Thursday, May 21, 2015

The Difference Color Makes: A Riot Is the Language of the Unheard... Pt. 2

A friend reminded me that two weeks ago I posted the first edition of this entry, with the intent to have at least an second one. So here it is! Thank you for the reminder friend.

Last week I attended an On the Table talk sponsored by the Chicago Community Trust. OTC provided Chicagoans with an opportunity to come together at different locations through the city to discuss feasible solutions to make our communities, safer, more sustainable, and more dynamic. THe host organization was Global Strategists Association. The topic we discussed was "Racial Equity". I found it interesting that the conversation some how always reverted back to the youth, future, and our responsibility to ensure that we provid them with tools to succeed.

Naturally, conversations of the current #BlackLivesMatter movement arose, as it stands to protest against an onslaught of police brutally, and the value of Black lives. We then talked about the best course of action to be taken. It has been stated that you can catch more bees with honey than with vinegar, reigns true when in opposition.

As educators of children of color, we have to ensure that we are equipping our students with tools that not only facilitate academic success, but to promote them building a sound message when fighting for justice.
Retrieved from

What does this mean for educators, those who influence our youth, and those who have an investment in the fairness and equity of our future? Quite simply, we have to understand that there is a time and place for noise, and movement in silence. Most specifically, it is ever more crucial when the skin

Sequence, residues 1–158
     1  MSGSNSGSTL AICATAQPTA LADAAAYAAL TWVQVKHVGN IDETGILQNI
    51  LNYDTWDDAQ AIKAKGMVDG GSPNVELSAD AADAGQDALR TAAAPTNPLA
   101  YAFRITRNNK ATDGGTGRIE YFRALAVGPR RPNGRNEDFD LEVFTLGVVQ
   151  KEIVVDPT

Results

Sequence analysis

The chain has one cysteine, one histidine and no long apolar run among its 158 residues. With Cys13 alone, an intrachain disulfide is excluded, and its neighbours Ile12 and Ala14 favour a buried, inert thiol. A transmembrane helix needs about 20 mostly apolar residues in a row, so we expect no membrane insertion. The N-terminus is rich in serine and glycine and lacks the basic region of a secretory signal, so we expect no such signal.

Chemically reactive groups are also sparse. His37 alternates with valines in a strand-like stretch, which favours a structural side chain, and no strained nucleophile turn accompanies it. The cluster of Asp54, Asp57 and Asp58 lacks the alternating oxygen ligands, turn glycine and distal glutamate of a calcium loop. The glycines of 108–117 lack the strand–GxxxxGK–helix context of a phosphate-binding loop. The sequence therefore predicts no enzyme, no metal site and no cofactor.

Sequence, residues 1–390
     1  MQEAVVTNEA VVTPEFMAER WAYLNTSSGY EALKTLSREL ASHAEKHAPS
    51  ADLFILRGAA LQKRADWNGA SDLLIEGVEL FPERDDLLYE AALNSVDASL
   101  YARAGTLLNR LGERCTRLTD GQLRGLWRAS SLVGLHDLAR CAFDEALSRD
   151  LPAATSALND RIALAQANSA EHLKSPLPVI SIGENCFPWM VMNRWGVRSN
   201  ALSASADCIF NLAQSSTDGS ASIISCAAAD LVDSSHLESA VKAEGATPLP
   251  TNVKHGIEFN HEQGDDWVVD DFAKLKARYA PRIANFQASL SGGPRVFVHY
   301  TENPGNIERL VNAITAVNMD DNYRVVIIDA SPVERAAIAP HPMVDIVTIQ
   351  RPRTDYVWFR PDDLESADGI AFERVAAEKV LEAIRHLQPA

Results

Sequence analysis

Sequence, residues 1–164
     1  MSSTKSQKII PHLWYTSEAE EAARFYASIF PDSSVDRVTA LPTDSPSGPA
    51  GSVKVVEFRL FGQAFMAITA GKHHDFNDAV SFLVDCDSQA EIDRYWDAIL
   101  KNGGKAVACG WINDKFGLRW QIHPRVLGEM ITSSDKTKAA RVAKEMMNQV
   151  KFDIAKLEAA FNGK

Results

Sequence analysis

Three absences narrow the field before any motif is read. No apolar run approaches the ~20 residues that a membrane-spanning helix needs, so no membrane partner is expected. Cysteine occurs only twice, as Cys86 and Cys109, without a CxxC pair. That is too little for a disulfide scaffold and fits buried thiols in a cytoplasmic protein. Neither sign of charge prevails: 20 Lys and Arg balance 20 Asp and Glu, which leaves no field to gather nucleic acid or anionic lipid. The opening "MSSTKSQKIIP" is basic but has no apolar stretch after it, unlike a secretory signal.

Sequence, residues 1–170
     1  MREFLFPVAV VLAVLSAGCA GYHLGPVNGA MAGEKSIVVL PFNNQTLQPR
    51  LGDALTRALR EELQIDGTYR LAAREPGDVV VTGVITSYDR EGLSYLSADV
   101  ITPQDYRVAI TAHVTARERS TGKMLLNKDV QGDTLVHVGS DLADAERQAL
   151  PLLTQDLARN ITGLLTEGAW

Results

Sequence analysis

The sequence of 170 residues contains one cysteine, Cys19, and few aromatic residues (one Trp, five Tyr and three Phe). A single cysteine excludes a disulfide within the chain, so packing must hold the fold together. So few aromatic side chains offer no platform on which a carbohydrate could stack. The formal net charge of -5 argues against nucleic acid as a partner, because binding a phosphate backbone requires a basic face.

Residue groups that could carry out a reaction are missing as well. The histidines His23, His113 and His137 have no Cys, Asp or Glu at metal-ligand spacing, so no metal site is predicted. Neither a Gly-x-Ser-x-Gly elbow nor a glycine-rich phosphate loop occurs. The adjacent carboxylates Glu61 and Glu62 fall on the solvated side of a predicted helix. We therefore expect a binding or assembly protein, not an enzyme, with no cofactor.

color of those involved is other than white.

Let's take a look at how the Waco, Texas Motorcycle Club massacre has been betrayed versus that of the Baltimore Riots. In Texas, we have White grown men participating in abhorrent violence, resulting in a deaths and massive arrests, sparked by gang rivalry. Whereas, in Baltimore, young people, as well regular citizens, participated in, what some may regard as civil disobedience, looting and assault of officers, sparked by the death of a Black man in unlawful police custody.

I will not harp on the disparities in the cases, but I will state that violence and chaos ensued in both towns. However, the image and widespread response for each varied in volatility of language, the amount of coverage from liberal and conservative media outlets, as well as the National Guard. Hosts of bloggers and op-eds have mentioned how the motorcycle gang members have been regarded as just that, while the children and looters in Baltimore were regarded as looters and thugs.